This story sums up every reason why I, as an atheist, object to religion as a destructive force. These ancient witchcraft superstitions, which by all rights should have been banished to memory long ago, are being kept alive in the modern era by people who have no excuse for not knowing better. And the overriding need to preserve those superstitions warps their moral compass, persuading them to judge intangible goods as more important than all-too-tangible evils.

About Adam Lee

Adam Lee is an atheist writer and speaker living in New York City. His new novel, Broken Ring, is available in paperback and e-book. Read his full bio, or follow him on Twitter.

  • Crimson

    Had I seen their original post out of context I’d have assumed they were, albeit subtly, expressing their own incredulity at the idea of child witches. The rest of the exchange demonstrates my naivety.

  • TBP100

    As a rule, I’m in favor of people being allowed to travel where they wish, and to advocate for their beliefs. However, I think I might make an exception in the case of someone who advocates torturing children.

  • Ahab

    I’m shocked. Premier Christian really should have done its homework on witchcraft accusations — and all the violence and persecution that comes with them — before framing Ukpabio’s visit like this.

  • John

    A Christian organization not doing their homework? Not exactly what I’d call shocking.

  • Michael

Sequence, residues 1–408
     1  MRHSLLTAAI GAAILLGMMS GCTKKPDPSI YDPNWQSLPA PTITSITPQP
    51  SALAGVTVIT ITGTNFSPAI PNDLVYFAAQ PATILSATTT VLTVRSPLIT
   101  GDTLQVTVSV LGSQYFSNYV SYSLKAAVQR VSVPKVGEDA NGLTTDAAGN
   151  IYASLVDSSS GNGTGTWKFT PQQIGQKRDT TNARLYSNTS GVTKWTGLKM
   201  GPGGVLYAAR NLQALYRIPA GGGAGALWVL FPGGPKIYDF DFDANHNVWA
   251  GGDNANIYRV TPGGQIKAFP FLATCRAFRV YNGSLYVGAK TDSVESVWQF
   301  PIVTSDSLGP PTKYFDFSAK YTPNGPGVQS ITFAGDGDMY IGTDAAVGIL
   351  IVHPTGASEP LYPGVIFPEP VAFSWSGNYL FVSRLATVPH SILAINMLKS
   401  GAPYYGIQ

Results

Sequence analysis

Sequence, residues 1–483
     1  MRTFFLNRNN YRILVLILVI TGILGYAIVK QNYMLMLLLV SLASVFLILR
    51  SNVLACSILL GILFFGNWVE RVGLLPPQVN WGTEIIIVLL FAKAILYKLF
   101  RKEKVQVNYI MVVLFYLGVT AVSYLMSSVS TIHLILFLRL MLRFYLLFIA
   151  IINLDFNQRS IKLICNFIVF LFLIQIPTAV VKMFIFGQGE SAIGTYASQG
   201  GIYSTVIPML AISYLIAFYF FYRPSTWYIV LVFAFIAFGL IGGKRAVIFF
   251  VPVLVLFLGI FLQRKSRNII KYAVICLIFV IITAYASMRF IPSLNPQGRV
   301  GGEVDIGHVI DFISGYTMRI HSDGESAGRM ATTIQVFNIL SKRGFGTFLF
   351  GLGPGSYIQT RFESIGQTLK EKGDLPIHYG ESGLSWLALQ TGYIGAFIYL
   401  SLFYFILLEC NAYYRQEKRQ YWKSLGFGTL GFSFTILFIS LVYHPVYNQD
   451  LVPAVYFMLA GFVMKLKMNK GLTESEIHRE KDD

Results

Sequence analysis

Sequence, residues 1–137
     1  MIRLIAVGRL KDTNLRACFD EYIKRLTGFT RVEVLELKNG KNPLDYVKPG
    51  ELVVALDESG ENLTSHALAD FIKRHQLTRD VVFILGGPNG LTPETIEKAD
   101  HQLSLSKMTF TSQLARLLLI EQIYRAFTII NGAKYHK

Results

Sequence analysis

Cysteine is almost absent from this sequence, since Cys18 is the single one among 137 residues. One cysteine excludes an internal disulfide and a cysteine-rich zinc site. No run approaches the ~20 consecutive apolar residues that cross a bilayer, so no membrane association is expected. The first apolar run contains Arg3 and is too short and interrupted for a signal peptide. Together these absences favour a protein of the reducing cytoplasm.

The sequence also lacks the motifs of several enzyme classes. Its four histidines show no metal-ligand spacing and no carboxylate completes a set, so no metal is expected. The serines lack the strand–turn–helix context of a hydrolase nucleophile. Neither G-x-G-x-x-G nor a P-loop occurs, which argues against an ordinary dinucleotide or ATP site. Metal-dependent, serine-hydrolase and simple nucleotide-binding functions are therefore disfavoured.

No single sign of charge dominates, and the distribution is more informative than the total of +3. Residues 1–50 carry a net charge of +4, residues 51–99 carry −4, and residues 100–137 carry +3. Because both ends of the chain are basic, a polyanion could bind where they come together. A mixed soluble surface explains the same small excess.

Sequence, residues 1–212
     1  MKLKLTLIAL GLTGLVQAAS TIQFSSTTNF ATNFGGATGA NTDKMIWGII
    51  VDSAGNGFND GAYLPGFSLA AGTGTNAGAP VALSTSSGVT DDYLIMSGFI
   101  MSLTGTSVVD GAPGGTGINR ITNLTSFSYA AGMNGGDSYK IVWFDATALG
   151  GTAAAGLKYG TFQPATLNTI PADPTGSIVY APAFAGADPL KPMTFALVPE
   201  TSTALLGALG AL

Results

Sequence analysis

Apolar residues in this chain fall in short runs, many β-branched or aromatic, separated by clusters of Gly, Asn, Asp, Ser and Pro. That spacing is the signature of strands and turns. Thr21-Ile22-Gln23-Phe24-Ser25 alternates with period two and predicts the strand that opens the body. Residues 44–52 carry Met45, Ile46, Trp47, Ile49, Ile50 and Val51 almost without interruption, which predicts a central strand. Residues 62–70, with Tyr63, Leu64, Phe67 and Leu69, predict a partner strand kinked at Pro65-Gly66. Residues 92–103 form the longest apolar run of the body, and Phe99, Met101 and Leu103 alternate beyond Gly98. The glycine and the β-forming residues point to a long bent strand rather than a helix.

Although it’s not on the same level, some pop culture depictions seem like they can also be harmful. Last night “Salem” first aired on WGN, a fictional portrayal of the witch hunt which occurred there. Fiction, of course, means just that, but when it purports to tell the “real” story behind the actual events, and historical people, this gets problematic. The show depicts (spoiler) the Barbadian slave woman Tituba as a “real” witch. In actual fact, she was among those first accused of witchcraft, and named others as witches to save herself. Meanwhile, a fictional character who opposes the witch hunt hysteria turns out to be a witch himself, something real doubters were accused of. I understand the movie The Conjuring, (featuring two Catholic “ghost hunters” also based on real people) which was released last year, also implies there were “real” witches at Salem. To a lesser extent, works like Harry Potter also contribute, since they also depict witchcraft being real. While not all the witches are evil, the characters who are commit deeds as bad or worse as those alleged in actual witch hunts. Don’t misunderstand-I’m a fan of Harry Potter, and most people no doubt view things like this as fiction only. As we see here, however, some people take it *very* seriously. The historical message has been, rightly, that witches don’t exist and people believed to be were simply innocent victims. These portrayals implicitly alter it to “witches were real, but that innocent people were caught up in the witch hunt” something more similar to the 1980s’ Satanic ritual abuse craze-no one doubts pedophiles are real, but many of the accusations were fantastic, causing unjust charges and even convictions. This is a dangerous view in regards to witches, I’d say.